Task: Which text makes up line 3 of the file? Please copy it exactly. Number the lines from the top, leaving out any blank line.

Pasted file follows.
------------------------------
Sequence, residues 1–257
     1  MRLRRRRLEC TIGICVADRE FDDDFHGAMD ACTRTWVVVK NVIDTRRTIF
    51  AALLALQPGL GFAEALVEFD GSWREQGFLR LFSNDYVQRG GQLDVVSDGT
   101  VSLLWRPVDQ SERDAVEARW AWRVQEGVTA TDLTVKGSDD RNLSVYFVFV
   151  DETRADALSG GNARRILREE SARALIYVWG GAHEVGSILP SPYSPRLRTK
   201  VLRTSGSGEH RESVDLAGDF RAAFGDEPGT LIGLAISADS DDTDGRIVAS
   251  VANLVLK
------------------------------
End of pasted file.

    51  AALLALQPGL GFAEALVEFD GSWREQGFLR LFSNDYVQRG GQLDVVSDGT